The Red Market Dev Log #10: The Bishop-fish Approaches

In today’s fortnightly dev log: a bit of information on the next update for The Red Market, and the strange new monster that update will bring.

Hi! Long time no see, right? Sorry about that. I took the first two weeks of January off, and probably should have mentioned exactly how long I’d be away. But I’ve been hard at work these last two weeks, and we’re nearly there on the next big content update for The Red Market. So let’s talk about that for a bit…

The Bishop-fish Update:

bishop-fish

The bishop-fish, as featured in Johann Zahn’s 1696 work Specula physico-mathematico-historica notabilium ac mirabilium sciendorum. Truly one of the underappreciated classics of 1696 Speculative Zoology.

The next update will bring a new monster for you to hunt down: the Bishop-fish! Loosely based on the real-world mythological Bishop-fish, this disconcerting mix of human and fish parts was one of my favourite things to write in The Red Market so far:

“Then, slowly, a small form crests the surface of the water and you find yourself eye-to-eye with a man’s face. Or rather, a fish. Or rather, a fish with the eyes and face of a man. Its mouth is below the water, murmuring silently.

A fin moves, articulating in parts like the digits of a hand.”

The Bishop-fish is also kind of a mission statement on what I want the game as a whole to be: a set of simple game mechanics hiding countless little secrets. You can find the Bishop-fish, bring it home, then sell it off for a profit quite quickly and easily. But dig a little deeper and you’ll find loads of extra things to do with this horrible little monster.

Hiding Secrets In Your Game:

One of the big things I’m trying to do with The Red Market is make secrets actually secret. That’s kind of tricky to do in a (non-parser) text-based game.

In a traditional graphical game you can make secret areas, or have mechanics interact in cool, unexplained ways.

In a parser-based game (i.e. games where you type out what you want to do, rather than select from pre-written options) it’s similarly easy to hide secrets for the player to find: if the player never thinks to ‘USE MAGIC KEY ON TABLE’ not only will they never see all the amazing magic-key-on-table content you wrote, but they won’t even know it exists.

But with choice-based games (like The Red Market) where everything the player can do is visible as a selectable option, it’s much harder to make things secret. If the player sees the giant button labelled ‘USE MAGIC KEY ON TABLE’, they’ll immediately think “Well, I guess something happens if you use the magic key on the table for some reason.” What happens when you use the magic key on the table may still be interesting, or funny, or useful, but it’s no longer surprising.

the_sea_monk-1

More good pictures for you to enjoy.

There are plenty of tricks to make secrets actually secret in choice-based games, but one of the things I’m trying to do is to give player a bunch of default always-available options, and hide the interesting secrets behind those options.

Say the player has the magic key in their inventory. Instead of a ‘USE MAGIC KEY ON TABLE’ option appearing whenever they approach the table while holding the magic key, there’s an option called ‘USE AN ITEM’ that allows them to select from any item they’re currently holding, even if using it on the table does literally nothing. This option appears any time they approach any object in the game, so instead of immediately being shown exactly what they can do, the player has to think: “Which of my items might be useful right now?”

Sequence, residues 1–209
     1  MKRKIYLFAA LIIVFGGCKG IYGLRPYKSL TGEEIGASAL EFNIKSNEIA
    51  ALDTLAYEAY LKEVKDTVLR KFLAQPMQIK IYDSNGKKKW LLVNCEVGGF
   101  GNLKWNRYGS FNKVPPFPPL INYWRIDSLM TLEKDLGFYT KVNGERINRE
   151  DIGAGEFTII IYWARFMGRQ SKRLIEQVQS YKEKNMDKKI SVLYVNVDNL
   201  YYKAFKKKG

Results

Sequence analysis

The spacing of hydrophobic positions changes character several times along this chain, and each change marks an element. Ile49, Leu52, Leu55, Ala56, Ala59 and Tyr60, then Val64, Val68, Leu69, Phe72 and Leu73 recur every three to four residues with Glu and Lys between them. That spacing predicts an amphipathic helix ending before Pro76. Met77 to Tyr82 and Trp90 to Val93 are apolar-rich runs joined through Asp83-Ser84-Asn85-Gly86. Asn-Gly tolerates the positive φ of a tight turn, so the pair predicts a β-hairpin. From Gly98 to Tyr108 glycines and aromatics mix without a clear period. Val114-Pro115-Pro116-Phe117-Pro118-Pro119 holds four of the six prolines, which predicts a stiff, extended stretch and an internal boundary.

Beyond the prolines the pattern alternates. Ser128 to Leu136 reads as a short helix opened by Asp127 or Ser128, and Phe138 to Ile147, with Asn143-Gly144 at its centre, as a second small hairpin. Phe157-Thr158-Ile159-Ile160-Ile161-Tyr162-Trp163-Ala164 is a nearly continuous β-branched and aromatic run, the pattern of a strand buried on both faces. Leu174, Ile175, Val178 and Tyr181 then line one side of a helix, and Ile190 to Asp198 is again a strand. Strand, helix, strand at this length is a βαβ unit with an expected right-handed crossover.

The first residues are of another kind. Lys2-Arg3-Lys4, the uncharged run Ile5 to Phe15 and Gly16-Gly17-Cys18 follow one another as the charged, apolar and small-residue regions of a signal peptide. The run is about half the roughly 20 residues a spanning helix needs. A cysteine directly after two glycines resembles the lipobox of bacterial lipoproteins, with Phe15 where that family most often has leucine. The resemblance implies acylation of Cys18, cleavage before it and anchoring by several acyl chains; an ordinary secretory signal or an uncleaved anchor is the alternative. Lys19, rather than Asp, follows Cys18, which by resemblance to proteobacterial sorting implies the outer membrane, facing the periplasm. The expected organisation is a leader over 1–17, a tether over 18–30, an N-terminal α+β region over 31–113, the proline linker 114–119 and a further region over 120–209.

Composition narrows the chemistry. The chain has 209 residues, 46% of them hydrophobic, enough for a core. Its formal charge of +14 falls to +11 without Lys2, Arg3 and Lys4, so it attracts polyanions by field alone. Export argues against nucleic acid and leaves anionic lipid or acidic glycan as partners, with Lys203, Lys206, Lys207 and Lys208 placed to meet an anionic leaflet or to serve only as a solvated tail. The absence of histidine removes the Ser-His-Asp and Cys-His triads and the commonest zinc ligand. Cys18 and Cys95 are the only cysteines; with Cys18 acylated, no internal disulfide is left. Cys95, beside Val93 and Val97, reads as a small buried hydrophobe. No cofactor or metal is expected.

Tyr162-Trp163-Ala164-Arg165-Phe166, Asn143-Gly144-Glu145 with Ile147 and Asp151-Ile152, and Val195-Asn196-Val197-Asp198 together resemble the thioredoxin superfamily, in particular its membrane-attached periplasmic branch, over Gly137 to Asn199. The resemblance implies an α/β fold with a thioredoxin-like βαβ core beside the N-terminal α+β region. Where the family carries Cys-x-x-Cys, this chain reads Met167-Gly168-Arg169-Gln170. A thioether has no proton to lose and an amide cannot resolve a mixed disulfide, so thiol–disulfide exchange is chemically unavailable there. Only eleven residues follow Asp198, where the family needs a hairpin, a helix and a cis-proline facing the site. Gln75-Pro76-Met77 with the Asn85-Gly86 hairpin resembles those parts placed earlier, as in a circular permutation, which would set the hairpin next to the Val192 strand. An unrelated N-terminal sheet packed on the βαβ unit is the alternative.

Suddenly ‘USE MAGIC KEY ON TABLE’ becomes something the player will only do if they heard about the magic table from the wizard in the previous dungeon, or they remember that the person who gave them the key mentioned something about tables, or they just get a really good hunch.

image-1

The spellbook in Inkle’s Sorcery! series. 10/10 good stuff here.

Inkle’s wonderful Sorcery! series of games does this so well. By giving you dozens of spells, and then allowing you to select which ones to use in a given situation, it means the player is constantly thinking ‘which of my spells would be useful right now?’, which allows for both rewarding creative thinking on the part of the player, and lots of fun little secrets to discover.

Maybe casting a fireball opens a hidden passageway. Maybe casting ‘speak with animals’ will allow you to talk down the angry snake. You’ll never know until you try. And suddenly the world feels alive with possibilities, and you feel creative and smart and devilishly good-looking for finding them.

Hopefully The Red Market manages to capture some of this same magic. It’s a game built from the ground up to be about finding secrets. Sometimes just to see something cool, and sometimes because those secrets can be exploited to your advantage. The ‘replay the game several times, steadily building up knowledge of how to turn every situation to your advantage’ mechanic that will eventually be included is also very important to this sense of secrets hiding just beneath the surface. (and is also lifted almost wholesale from Inkle’s incredible Sorcery 2, as it happens)

495px-japetus_steenstrup_sea_monks-1-

A third and final picture of these good wholesome animal-men.

I’ll talk about that time-rewind mechanic in more detail in a later post, as this one is already far too long. Next time, though, we should be talking about the Bishop-fish update in a bit more detail. That update should (barring death or other disaster) be launching in two weeks.

Talk then!

Nick

(And remember, you can follow me on the dystopian hellsite Twitter by clicking here. The current early version of The Red Market can be played online here, if you haven’t already.)

 

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